Likewise, the bottom chart displays a more statistically valid comparison of average CEO pay to the annual pay of a full-time minimum wage worker. In 2013, a full-time minimum wage worker earned $14,500, and therefore the CEO-to-minimum-wage-worker pay ratio was only 12.3:1 compared to the grossly inflated 774:1 ratio reported by the AFL-CIO. That’s a “statistical falsehood-to-truth ratio” of 63:1 for the AFL-CIO’s exaggerated ratio. Because of the recent increases in the minimum wage between 2007-2009, the CEO-to-minimum-wage-worker pay ratio in recent years has been lower than the most recent 12-year average of 12.76:1.

HKO

They cherry pick data to compare a subgroup of the wealthiest CEOs with a subgroup of the lowest paid production workers.  This is statistical malfeasance of such a high order that any student of statistics can see right through it.  Is this a matter of incompetence or fraud?

This gross misuse of such data is becoming both typical and dangerous.  Is the media too ignorant of basic statistics to see such obvious flaws or are they so monolithically indoctrinated that they refuse to consider that the complete information may shake their poorly founded beliefs about their reality?

A simple Google search will reveal that there are far more articles available that reinforce this falsehood than there are to correct or clarify it.  This is also true in the discussion of inequality,  AGW, and other social issues that require clear information to make correct policies.

“A lie gets halfway around the world before the truth has a chance to get its pants on.” Winston Churchill

 

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Squandered Opportunities

Bret Stephens writes The Meltdown in the September Commentary.

Excerpts:

If anything, the international situation Obama faced when he assumed the presidency was, in many respects, relatively auspicious. Despite the financial crisis and the recession that followed, never since John F. Kennedy has an American president assumed high office with so much global goodwill. The war in Iraq, which had done so much to bedevil Bush’s presidency, had been won thanks to a military strategy Obama had, as a senator, flatly opposed. For the war in Afghanistan, there was broad bipartisan support for large troop increases. Not even six months into his presidency, Obama was handed a potential strategic game changer when a stolen election in Iran led to a massive popular uprising that, had it succeeded, could have simultaneously ended the Islamic Republic and resolved the nuclear crisis. He was handed another would-be game changer in early 2011, when the initially peaceful uprising in Syria offered an opportunity, at relatively little cost to the U.S., to depose an anti-American dictator and sever the main link between Iran and its terrorist proxies in Lebanon and Gaza.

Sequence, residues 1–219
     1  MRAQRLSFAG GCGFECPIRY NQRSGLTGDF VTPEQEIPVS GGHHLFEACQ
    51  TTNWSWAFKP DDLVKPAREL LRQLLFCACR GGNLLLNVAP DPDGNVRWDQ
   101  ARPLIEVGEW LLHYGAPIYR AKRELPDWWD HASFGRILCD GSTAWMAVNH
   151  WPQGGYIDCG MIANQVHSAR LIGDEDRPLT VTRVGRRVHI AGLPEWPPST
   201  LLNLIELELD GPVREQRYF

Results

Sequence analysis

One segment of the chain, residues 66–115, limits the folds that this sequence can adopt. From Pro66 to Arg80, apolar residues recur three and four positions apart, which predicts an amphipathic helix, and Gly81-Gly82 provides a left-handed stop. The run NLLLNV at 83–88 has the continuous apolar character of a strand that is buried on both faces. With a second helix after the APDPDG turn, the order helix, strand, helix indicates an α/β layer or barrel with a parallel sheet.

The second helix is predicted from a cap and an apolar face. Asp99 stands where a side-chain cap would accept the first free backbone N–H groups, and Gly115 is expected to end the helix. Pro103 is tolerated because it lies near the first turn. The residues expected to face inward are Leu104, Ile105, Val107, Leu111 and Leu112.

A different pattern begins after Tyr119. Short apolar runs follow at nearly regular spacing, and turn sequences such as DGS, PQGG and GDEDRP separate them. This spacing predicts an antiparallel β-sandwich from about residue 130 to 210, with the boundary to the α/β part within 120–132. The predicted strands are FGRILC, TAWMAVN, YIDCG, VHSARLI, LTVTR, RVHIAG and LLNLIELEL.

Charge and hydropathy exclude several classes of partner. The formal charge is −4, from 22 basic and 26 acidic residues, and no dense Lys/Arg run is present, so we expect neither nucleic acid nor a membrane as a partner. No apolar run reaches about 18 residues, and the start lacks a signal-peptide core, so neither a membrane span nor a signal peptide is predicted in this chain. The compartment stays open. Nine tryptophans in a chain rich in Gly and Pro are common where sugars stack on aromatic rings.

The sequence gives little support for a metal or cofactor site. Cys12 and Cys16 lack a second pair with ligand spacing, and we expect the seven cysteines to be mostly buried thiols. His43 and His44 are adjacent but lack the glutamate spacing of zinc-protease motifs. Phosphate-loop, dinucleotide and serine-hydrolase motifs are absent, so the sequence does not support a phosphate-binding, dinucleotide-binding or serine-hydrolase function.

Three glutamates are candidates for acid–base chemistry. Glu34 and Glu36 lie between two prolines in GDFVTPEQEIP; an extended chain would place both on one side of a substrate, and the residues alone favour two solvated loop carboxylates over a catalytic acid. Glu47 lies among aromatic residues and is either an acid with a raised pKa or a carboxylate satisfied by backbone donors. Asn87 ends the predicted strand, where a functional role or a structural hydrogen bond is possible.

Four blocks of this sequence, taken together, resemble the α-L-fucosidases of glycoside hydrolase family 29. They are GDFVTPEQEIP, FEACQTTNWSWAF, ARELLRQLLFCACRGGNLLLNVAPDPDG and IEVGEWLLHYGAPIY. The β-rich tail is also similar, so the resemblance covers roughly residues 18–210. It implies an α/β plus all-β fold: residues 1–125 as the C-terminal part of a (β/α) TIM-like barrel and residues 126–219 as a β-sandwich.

Incredibly, Obama squandered every single one of these opportunities. An early and telling turning point came in 2009, when, as part of the Russian reset, the administration abruptly cancelled plans—laboriously negotiated by the Bush administration, and agreed to at considerable political risk by governments in Warsaw and Prague—to deploy ballistic-missile defenses to Poland and the Czech Republic. “We heard through the media,” was how Witold Waszczykowski, the deputy head of Poland’s national-security team, described the administration’s consultation process. Adding unwitting insult to gratuitous injury, the announcement came on the 70th anniversary of the Nazi-Soviet pact, a stark reminder that Poland could never entrust its security to the guarantees of great powers.

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The Planner’s Pretense

F. A. Hayek

F. A. Hayek

Kevin Williamson writes The Unmanageable Man in The National Review.

Excerpt: